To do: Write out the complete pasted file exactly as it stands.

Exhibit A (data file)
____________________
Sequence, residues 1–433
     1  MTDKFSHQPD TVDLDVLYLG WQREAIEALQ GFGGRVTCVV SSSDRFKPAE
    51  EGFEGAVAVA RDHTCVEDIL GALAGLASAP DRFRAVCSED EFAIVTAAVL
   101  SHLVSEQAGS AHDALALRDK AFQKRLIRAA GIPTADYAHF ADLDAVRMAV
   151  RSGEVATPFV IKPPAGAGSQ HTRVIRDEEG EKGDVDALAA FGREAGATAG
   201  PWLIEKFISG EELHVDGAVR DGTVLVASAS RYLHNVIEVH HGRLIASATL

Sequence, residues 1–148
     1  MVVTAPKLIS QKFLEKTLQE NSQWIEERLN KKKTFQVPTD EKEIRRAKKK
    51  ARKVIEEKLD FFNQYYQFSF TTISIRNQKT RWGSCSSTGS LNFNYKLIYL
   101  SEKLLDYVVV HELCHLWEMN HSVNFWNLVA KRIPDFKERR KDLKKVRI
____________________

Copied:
Sequence, residues 1–433
     1  MTDKFSHQPD TVDLDVLYLG WQREAIEALQ GFGGRVTCVV SSSDRFKPAE
    51  EGFEGAVAVA RDHTCVEDIL GALAGLASAP DRFRAVCSED EFAIVTAAVL
   101  SHLVSEQAGS AHDALALRDK AFQKRLIRAA GIPTADYAHF ADLDAVRMAV
   151  RSGEVATPFV IKPPAGAGSQ HTRVIRDEEG EKGDVDALAA FGREAGATAG
   201  PWLIEKFISG EELHVDGAVR DGTVLVASAS RYLHNVIEVH HGRLIASATL

Sequence, residues 1–148
     1  MVVTAPKLIS QKFLEKTLQE NSQWIEERLN KKKTFQVPTD EKEIRRAKKK
    51  ARKVIEEKLD FFNQYYQFSF TTISIRNQKT RWGSCSSTGS LNFNYKLIYL
   101  SEKLLDYVVV HELCHLWEMN HSVNFWNLVA KRIPDFKERR KDLKKVRI